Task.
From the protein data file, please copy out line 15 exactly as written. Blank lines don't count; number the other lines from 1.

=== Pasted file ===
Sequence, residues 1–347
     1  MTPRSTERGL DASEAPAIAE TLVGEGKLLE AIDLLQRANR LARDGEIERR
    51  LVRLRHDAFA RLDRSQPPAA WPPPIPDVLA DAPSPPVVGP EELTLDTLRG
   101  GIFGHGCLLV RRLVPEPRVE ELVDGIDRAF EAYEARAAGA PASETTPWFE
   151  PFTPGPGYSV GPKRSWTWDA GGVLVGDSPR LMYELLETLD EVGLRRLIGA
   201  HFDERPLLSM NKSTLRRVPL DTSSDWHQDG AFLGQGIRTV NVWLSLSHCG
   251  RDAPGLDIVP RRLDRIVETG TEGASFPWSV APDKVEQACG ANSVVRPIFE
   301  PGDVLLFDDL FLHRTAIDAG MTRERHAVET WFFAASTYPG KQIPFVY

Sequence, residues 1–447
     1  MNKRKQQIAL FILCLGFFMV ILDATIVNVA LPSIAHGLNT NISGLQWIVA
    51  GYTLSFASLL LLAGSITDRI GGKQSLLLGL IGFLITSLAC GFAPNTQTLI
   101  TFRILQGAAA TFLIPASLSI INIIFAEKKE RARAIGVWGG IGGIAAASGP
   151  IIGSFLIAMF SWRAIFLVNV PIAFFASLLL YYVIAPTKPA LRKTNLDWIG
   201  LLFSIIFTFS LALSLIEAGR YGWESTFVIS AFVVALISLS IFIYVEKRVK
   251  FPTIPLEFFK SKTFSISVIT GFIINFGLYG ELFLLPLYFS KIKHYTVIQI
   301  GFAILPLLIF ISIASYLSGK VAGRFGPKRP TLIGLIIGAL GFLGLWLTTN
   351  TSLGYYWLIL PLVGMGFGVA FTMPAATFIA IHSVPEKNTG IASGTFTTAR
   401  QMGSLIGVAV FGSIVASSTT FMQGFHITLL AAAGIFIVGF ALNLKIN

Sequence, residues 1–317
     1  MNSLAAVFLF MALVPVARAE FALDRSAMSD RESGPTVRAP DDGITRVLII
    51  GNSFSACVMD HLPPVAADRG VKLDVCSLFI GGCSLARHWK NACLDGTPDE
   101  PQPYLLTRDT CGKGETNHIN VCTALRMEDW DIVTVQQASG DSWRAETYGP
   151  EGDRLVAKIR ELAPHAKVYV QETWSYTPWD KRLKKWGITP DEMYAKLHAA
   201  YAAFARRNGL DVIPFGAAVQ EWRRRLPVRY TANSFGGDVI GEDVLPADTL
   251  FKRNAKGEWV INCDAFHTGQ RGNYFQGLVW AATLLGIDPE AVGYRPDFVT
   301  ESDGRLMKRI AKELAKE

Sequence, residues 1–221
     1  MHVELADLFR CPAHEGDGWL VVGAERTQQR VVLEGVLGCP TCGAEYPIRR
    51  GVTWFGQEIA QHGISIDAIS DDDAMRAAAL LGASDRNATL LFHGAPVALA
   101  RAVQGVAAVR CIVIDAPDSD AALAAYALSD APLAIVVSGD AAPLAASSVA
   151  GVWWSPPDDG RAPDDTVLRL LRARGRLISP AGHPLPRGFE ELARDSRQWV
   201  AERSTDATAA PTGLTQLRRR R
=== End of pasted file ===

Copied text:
   251  FPTIPLEFFK SKTFSISVIT GFIINFGLYG ELFLLPLYFS KIKHYTVIQI